Azar Majedi of the Organisation of Women’s Liberation in Iran has just published a piece in Persian attacking the Nude Revolutionary Calendar and the video of Iranian women supporting it as ‘absurd caricatures’ of Aliaa Magda Elmahdy and Golshifteh Farhani’s nudity and attempts at ‘self-promotion’, ‘dim-witted idiocy’ and acts of ‘buffoonery’. She likens the Calendar to the tabloids (like the Sun) which use women’s nudity to increase profit and says the calendar defends rights no more than the tabloids do. Moreover, she says nudity in the west takes no courage at all.

What Azar doesn’t see is that nudity is not the problem; it’s the commodification and objectification of women’s bodies that are. To see the Nude Photo Revolutionary Calendar of women showing solidarity with a young Egyptian woman under attack as one and the same as a tabloid that sells dehumanised women’s bodies for profit misses entirely the point of the Calendar and for that matter Aliaa’s own actions. The Calendar is an organised act by women themselves reclaiming a tool used for suppression. It may not be considered courageous by Azar but nudity in this manner is not as easy as it may seem.

It’s interesting how nudity outrages so many people – including Azar. This is partly because of the internalisation of society’s image of women’s bodies as something obscene that sells papers. Whilst Islamists often portray their vile politics as a prescription for the debasement of women in western societies, their image of women is very much the same and it is these viewpoints that have coloured much of the perceptions of nudity.

Also the closer to ‘home’ the nudity is the more uncomfortable it feels. Aliaa was blamed for tarnishing the Egyptian revolution, Golshifteh for embarrassing an entire nation, and I and the Iranian women in the supporting video for doing what ‘Iranians’ but also ‘communists’ should not be doing.

Certainly nudity is not the only way to resist but it is a very modern way of challenging Islamism and the veil. Islamists want us covered up, hidden, and not seen and not heard; we refuse to comply.

The implications of this calendar for the advancement of women’s rights and freedoms are very real though Azar belittles it by saying that not all taboo-breaking initiatives are progressive. Maybe not; but when women’s bodies are under such sustained attacks, nudity in this form is liberating and challenges the status quo.

Azar says that our actions are irrelevant as the photos were taken in the west and because we do not face the same threats Aliaa does – but these are all secondary. One does not have to live in the Middle East and North Africa to feel the threats of Islamism but nonetheless, threats or no threats, in Egypt or not, isn’t this the whole point of international solidarity?

By the way, as an aside, it seems Azar always says such things in Persian where she can find buyers amongst the religious-nationalists she claims to oppose…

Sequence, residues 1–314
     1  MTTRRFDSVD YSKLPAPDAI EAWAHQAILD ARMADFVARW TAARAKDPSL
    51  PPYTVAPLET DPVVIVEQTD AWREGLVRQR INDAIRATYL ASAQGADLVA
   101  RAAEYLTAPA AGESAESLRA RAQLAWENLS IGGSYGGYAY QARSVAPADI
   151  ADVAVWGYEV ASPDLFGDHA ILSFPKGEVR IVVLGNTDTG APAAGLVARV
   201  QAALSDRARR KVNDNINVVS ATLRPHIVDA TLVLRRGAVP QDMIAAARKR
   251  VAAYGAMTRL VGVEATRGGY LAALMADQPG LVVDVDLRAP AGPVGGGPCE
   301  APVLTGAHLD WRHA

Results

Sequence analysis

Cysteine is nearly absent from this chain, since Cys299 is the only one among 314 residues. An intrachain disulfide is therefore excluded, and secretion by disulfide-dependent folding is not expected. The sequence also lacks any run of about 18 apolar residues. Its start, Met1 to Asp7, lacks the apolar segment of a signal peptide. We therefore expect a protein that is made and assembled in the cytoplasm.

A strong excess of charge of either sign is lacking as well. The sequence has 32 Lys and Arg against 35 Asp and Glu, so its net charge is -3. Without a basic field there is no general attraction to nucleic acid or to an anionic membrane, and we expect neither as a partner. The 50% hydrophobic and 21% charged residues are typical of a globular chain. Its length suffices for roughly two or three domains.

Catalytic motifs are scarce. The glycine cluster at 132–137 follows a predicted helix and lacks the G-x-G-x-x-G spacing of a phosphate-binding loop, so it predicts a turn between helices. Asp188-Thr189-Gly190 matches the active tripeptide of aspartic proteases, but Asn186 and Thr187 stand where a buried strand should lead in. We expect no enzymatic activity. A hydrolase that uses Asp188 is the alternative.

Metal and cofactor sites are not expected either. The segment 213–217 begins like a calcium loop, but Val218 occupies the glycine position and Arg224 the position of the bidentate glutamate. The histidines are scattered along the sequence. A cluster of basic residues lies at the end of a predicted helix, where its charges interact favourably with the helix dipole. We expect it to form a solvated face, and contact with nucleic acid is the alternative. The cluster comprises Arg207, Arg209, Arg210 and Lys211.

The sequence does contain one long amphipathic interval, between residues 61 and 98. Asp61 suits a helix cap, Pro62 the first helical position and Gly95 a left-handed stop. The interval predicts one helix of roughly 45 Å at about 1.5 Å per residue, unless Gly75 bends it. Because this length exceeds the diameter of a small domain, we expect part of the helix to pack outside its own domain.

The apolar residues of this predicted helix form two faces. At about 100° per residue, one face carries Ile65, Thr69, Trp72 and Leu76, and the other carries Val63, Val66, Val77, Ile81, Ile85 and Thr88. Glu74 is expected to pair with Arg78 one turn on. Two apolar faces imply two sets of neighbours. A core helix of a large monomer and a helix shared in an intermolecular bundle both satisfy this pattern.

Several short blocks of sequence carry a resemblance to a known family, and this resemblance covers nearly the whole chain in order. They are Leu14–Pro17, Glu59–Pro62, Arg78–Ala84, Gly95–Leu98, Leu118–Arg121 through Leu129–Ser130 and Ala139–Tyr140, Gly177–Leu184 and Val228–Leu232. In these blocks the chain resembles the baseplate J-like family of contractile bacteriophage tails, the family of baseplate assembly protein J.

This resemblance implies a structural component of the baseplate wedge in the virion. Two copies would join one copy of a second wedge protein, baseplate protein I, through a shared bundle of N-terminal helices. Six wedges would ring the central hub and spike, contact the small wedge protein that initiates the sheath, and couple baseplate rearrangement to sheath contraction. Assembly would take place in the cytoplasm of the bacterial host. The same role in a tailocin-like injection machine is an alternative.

1. Hi Piero,

    When I object to things like the pornography industry and whatnot, I do so not because of the profits they make, but by the way they go about it.

    I’ll try to explain my thoughts. Always a challenge for me 😉
    Greta Christina I am not!

    Let’s take Microsoft as one example away from porn. When it seeks to recruit staff, of course it is looking for the very best programmers and other talented minds. This allows for individuals who have studied and committed time, energy, and money the chance to work in a field they have specifically aimed for.

    Like an actor who has trained (or dreamed) hard for the stage, these individuals are following their aims.

    Of course Microsoft and Hollywood benefit financially from the talents of these people, however, despite the huge profits made by these companies off the back of these individuals I can see the altruistic relationship that has formed bewteen them also.

    Now, when I switch my focus back onto the Porn industry what I see (for most part, but not all) is an industry of false promise, grooming, and emotional coercion.

    I appreciate there are people who like working in Pornography, but for most part they are relatively few and far between.

    Alcohol, drug abuse, and depression has been recorded to be high amongst adult film industry workers. Why is this?

    A cursory glance might suggest that the workers feel guilty or ashamed of their work.

    That’s too simplistic for me.

    I think the answer is not to be found with the sex or pornography in and within itself, but because of the industry’s one dimensional focus on sex for financial gain.

    Sex for financial gain can never be considered sex-positive. It is (for me) the polar opposite.

    It doesn’t seek to liberate people’s bodies or celebrate them. Like religion it seeks to profit from the control of them.

    The unfortunate downside of this is the people who participate in such modelling or acting have been used. And they end up finding this out too late.

    And unlike the Microsoft employee or theatre actor, who enjoy rewards such as personal pride, decent wage, artistic/intellectual fulfilment, the porn actor or page 3 girl -for most part- does not.

    Why not?